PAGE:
Monday, July 8, 2013

Classic Southern Pinto Beans

Classic Southern style pinto beans, stewed with salt pork and cayenne pepper and always served with a side of cornbread.

Classic Southern Pinto Beans

We've had so many days of rain now that I've literally lost count, and according to our weatherman, there's more to come this week. Generally speaking, I don't mind the rain at all, well, so long as I don't have to drive anywhere in it at least. It's relaxing and cleansing, sort of washing away the world's residue and making everything fresh once it moves along.

I love the sound of the rain falling steadily against a window or spattering across a tin roof, and it's a good a reason as any on a Sunday afternoon to take in a marathon of old movies. Or a nap. Write a few new recipes and take my own sweet time in the kitchen. All of which I managed to do. After days and days of being waterlogged though, it does get a little tiring. Being wet is one of my least favorite things in the world, but then again, so is oppressive heat and at least we've gotten a little break from that.

Was a good enough reason to make a pot of beans and cornbread too if you ask me. Red kidney beans and white beans are the beans of choice down here in my part of the Deep South, much more so than pinto beans ever will be. I've prepared pintos before in the Deep South tradition, using a semi-Trinity, letting jalapenos stand in for the typical green sweet bell pepper, and seasoning with ham, bacon or the andouille smoked sausage that we love so much here. They're delicious... but they aren't what most folks in other areas of The South would call classic Southern pintos. These are, and they are delicious.

In some areas of the South, particularly in the Appalachian regions, these are referred to as soup beans. Not bean soup, but soup beans. Nobody has been quite able to explain why they are called soup beans and I have seen recipes from that area that are both similar to and very different from these. I guess like most all recipes, there are a multitude of variations in ways that folks make them.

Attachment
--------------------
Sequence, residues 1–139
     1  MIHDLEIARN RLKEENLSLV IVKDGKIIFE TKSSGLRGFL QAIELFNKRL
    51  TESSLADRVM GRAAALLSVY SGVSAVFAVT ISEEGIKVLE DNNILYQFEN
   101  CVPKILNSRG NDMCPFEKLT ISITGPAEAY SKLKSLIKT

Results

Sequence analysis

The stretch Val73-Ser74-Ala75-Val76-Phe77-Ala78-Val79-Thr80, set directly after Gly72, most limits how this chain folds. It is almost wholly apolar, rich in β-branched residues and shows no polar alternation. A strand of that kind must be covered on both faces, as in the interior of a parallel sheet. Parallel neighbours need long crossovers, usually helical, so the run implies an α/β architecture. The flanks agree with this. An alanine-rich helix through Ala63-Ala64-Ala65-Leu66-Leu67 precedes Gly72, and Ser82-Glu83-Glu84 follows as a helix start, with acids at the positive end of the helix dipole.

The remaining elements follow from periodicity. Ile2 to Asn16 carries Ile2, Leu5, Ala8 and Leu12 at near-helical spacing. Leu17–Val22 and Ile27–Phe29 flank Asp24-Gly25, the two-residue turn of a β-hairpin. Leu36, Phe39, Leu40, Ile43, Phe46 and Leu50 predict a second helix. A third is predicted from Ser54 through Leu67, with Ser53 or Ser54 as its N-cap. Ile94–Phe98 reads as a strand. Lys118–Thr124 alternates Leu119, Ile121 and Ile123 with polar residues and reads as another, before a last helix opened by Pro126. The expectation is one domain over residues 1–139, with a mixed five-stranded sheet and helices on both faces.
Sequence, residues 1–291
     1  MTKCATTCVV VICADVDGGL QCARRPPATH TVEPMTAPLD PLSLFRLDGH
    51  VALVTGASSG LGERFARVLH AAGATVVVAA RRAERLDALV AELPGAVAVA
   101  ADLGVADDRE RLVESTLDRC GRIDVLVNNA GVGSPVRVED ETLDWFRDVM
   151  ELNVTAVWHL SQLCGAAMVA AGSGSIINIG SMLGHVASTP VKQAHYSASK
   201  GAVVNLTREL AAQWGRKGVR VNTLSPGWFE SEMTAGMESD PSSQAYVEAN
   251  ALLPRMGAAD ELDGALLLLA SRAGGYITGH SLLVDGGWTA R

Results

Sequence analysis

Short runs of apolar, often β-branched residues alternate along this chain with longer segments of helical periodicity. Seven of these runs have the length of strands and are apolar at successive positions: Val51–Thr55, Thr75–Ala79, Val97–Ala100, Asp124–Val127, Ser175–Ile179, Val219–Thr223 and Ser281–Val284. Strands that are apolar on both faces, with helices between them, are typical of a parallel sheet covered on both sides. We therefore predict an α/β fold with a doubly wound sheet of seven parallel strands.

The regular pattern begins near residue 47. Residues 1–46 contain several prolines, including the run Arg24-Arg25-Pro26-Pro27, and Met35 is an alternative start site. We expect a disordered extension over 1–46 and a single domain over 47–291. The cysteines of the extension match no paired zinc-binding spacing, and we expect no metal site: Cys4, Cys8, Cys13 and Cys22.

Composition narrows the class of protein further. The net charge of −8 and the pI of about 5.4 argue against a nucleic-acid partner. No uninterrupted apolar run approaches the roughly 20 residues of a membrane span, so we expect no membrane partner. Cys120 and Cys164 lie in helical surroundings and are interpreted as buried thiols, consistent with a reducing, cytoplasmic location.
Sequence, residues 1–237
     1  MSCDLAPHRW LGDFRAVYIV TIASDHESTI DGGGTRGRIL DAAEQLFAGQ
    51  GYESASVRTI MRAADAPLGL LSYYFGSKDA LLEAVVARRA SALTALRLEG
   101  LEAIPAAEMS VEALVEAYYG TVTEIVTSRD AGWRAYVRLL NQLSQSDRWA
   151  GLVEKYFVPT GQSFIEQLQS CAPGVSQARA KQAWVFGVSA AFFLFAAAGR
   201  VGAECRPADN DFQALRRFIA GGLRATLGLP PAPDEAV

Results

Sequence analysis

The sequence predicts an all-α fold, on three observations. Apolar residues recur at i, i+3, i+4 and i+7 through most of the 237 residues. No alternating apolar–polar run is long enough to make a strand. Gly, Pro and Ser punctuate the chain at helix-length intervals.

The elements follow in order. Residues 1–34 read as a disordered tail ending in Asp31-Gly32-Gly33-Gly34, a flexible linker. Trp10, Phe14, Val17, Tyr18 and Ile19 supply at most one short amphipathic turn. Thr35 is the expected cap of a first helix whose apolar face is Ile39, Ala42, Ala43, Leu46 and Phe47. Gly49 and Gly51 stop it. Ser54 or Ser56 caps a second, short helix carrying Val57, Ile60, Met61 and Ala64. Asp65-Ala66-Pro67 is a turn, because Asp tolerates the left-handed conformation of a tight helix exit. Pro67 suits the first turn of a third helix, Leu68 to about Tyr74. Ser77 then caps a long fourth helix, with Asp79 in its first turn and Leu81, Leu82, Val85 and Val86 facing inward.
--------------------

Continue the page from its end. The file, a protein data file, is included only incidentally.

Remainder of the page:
Since pinto beans are the beans most often used in the Appalachians, most recipes do use pintos, though there are others that use some butter beans or some form of white bean such as navy or great Northern, and some even southern peas, like black-eyed peas. While pintos are probably the most traditional bean in soup beans, it appears that soup beans may also refer to any kind of bean prepared this way. From there the beans are usually cooked down with some form of pork - ham bone, hocks, fatback, salt pork, bacon, smoked sausage and maybe a mirepoix of vegetables. Soup beans are often served with chopped raw onion, pickled onion or even sweet pepper relish and always, cornbread.

Since I like to use salt pork, I don't season them except for a little bit of plain cayenne until after they cook. Because salt can make for tough beans if introduced too early, save the Cajun seasoning for the end when they are done. Give them a taste and add in a little salt and pepper then too, if it needs it.

I also like to stir in a little bacon drippings from my little vintage grease pot I keep in the fridge.


Even if you don't eat a lot of bacon, you should be saving those drippings because over time they will accumulate and there are many ways to use them. I keep mine in the fridge, just to keep it fresh since I don't use the drippings that often to keep it out on the counter. If you're not one to keep drippings though, butter is a perfectly acceptable stand-in, but don't be tempted to skip that step, because I find it makes a definite difference in the richness of the beans.

Here's how to make them.

Recipe: Classic Southern Pinto Beans

©From the Kitchen of Deep South Dish
Prep time: 10 min |Cook time: 2 hours | Yield: About 4 to 6 servings

Ingredients
  • 1 pound of dry pinto beans
  • 6 ounces of salt pork, diced
  • 1 medium onion, coarsely chopped
  • 1/2 teaspoon of cayenne pepper
  • 1 tablespoon of bacon drippings or butter
  • Salt, black pepper and Cajun seasoning, to taste, as needed
Instructions

Rinse, drain and pick through beans for stones or debris. Soak overnight covered with 8 cups of water, or use the quick cook method below. Drain, rinse and return to the pot. Cover with 8 cups of fresh water. Add the salt pork, onion and cayenne; bring to a boil. Reduce to simmer, and cook uncovered for 1-1/2 to 2 hours, or until thickened and creamy. Do not allow to boil.

Stir in the bacon fat or butter, taste and season as needed with salt, pepper and Cajun seasoning. Serve as is, or over hot, steamed rice, with pickled onions and cornbread, corn muffins or cornmeal hoecakes on the side.

Cook's Notes: Add in some diced smoked ham if you have some on hand.

Quick Cook: Rinse and sort beans. Cover with 8 cups of water and bring to a boil. Boil for 2 minutes, remove from heat, cover and let sit for 1 hour.

Source: http://deepsouthdish.com

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Posted by on July 8, 2013

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17 comments: